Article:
Travel to London, England part 2 – Episode 359

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Hear about travel to London England as the Amateur Traveler talks to Amber from

In this second part of a two-part episode ( part 1 is Travel to London, England – Episode 352) on London we start by talking about some of the logistics like how to save money on flights and transportation. Amber explains how to get from the airport, how to use the Oyster card on the London Underground (the tube).

We also talk about some of our favorite museums in London like the National Portrait Gallery, the British Museum, The Imperial War Museum, Britain At War Museum, Victorian and Albert Museum, Cabinet War Rooms, and the Tower of London.

For day trips from London Amber talks about the Hampton Court Palace, Windsor Castle, Greenwich with the National Maritime Museum and the Observatory, Kew Gardens (including when you can get free tickets), and Wimbleton.

We plan a night out at the theatre. How to get tickets, where to eat dinner and where to go after your play at a relative “affordable” at the Cellar Door or Waxy O’Conner’s bars. Then we also talk about options like the Globe theatre as well as great places for live music in London.

And just when you think there is nothing new to learn about London we talk about kayaking on the Thames, walking the Regents canal, and some of the local markets. We talk about the Big Bus tour and pub walk tours. And even after two episodes on London… we cannot cover all that there is to see in this amazing city.

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Show Notes

American Tour Guide in London
London Airports
London National Express
The National Portrait Gallery
The British Museum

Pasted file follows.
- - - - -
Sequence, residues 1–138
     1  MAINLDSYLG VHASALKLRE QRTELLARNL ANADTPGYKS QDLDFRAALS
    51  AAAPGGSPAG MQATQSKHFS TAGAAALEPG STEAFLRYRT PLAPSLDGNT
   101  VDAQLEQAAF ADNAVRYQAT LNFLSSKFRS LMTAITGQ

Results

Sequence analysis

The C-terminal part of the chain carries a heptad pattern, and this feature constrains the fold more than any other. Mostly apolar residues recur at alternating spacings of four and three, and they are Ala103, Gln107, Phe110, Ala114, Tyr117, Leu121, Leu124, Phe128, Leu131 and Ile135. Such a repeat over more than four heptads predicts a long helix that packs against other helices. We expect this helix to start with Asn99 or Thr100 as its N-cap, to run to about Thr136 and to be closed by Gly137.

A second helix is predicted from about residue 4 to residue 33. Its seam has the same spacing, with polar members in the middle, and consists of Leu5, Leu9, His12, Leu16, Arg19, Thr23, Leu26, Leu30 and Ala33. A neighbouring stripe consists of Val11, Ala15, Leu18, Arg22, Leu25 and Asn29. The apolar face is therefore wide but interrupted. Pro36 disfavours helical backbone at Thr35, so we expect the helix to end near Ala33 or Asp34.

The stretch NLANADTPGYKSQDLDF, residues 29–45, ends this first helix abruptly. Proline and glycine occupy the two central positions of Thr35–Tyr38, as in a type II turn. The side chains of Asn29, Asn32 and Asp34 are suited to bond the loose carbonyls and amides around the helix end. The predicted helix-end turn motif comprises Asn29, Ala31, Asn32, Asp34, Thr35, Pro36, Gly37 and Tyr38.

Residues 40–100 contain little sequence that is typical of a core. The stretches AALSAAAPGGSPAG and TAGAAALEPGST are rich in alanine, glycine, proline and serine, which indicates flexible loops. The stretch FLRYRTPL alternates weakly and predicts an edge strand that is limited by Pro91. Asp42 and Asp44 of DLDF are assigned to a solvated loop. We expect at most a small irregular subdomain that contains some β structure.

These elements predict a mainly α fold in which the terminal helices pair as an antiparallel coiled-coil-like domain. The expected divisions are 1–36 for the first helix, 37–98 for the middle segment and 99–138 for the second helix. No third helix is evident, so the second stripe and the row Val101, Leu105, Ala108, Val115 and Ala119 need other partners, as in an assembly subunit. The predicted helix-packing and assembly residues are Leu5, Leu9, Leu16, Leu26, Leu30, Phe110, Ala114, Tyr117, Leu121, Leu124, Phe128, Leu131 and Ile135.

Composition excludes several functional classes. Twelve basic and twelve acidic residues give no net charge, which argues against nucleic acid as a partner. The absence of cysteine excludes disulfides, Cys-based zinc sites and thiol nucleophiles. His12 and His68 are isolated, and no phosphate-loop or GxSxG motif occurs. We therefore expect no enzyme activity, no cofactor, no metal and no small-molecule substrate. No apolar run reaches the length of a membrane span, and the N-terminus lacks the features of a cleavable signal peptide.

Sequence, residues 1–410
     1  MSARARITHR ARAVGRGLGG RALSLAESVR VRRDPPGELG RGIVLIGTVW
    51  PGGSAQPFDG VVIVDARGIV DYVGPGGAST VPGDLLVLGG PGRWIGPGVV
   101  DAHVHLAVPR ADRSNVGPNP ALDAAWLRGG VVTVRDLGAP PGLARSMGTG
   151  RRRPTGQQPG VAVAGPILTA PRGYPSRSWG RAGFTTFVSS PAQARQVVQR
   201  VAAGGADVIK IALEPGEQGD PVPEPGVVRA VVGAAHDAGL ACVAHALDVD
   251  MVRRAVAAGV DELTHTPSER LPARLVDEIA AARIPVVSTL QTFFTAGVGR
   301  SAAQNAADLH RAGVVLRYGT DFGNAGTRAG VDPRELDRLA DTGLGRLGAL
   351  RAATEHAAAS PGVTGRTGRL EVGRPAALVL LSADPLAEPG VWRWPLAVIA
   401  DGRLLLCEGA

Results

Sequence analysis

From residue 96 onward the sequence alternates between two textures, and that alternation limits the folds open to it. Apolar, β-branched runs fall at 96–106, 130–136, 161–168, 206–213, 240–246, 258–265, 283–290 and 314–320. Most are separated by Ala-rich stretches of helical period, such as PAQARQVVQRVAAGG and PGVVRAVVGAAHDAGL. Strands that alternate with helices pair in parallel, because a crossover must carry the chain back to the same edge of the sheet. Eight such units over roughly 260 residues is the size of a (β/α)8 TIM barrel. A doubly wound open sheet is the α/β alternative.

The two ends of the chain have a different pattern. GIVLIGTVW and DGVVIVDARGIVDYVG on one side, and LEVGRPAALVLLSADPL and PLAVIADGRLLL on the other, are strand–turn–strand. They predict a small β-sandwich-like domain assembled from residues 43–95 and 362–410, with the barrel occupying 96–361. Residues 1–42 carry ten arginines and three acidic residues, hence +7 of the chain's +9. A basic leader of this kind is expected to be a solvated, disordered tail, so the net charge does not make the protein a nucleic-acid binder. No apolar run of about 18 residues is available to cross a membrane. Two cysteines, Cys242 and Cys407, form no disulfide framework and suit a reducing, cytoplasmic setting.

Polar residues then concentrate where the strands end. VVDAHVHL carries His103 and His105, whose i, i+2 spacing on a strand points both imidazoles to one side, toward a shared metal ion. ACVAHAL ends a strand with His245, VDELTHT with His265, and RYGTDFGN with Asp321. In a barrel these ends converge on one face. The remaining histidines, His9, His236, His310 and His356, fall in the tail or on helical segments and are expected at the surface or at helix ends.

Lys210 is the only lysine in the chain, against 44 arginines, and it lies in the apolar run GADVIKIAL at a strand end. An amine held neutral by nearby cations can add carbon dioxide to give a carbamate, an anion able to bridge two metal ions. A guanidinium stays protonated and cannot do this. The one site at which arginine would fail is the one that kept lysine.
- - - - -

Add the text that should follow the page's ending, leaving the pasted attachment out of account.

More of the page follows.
The Imperial War Museum
Britain At War Museum
Drury Tea and Coffee
Kew Gardens
UK Holiday Schedule
Free things to Do in London


I am a spokesblogger for the National Pork Board

Jeff on Travel to Connecticut – Episode 330

I listen to your podcast all the time. Great job and thank-you.

I think that the Connecticut episode left out an important region which is perhaps the best region. The coast and center of the state are alright if you can tolerate crowds but the northwest part, from Litchfield to the Berkshire Hills, is the best. There is a reason why Meryl Streep, Henry Kissinger and many other celebrities and power brokers live in that area. In fact you could do a whole show on Litchfield County, and include the neighboring counties of Berkshire in Massachusetts, and Dutchess and Columbia in New York. It is amazing what you can see within those four counties. The amount of historical sights, museums, wineries, restaurants and backroads has taken me years to explore. Although I live in Vermont I find myself coming back to that area often.


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Chris Christensen

by Chris Christensen

Chris Christensen is the creator of the Amateur Traveler blog and podcast. He has been a travel creator since 2005 and has won awards including being named the "Best Independent Travel Journalist" by Travel+Leisure Magazine.

3 Responses to “Travel to London, England part 2 – Episode 359”

The Lost Londoner


London is incredible. The sad thing is that most people that come here don’t realise how much there is to the city.



It was great to hear this second episode on the city I called home for nearly a decade. I realise that picking just three London museums is a thankless task, and whilst Amber’s selections were all worthy, I’d beg to add one more.
Whereas those museums have a national focus, the Museum of London is probably the best way to understand the city itself. It now has two branches – the original in the City, and the newer Museum of London Docklands near Canary Wharf … in Docklands.
Both have a great mix of immersive and ‘show cabinet’ style content and were amongst the highlights of our most recent visit in summer 2010. Indeed, we returned to the Docklands branch for a second visit, as there was far more there than we had expected.
One other market-related suggestion would be Brick Lane, just east of the City of London. The nearby Petticoat Lane market is a bit disappointing, consisting largely of cheap clothing you could find in bargain stores, but Brick Lane has an amazing variety along its length, from bric-a-brac to craft to food. You’ll also experience the large Indian influence on the area, as well as remnants of Jewish life in earlier eras. Throw in some world-class street art (including Banksy) and you’ve got a great way to spend a Sunday morning.

Chris Christensen


I agree with you on the Museum of London although I have not been to the newer one yet. Thanks for the suggestion of Brick Lane, I will have to check that out.

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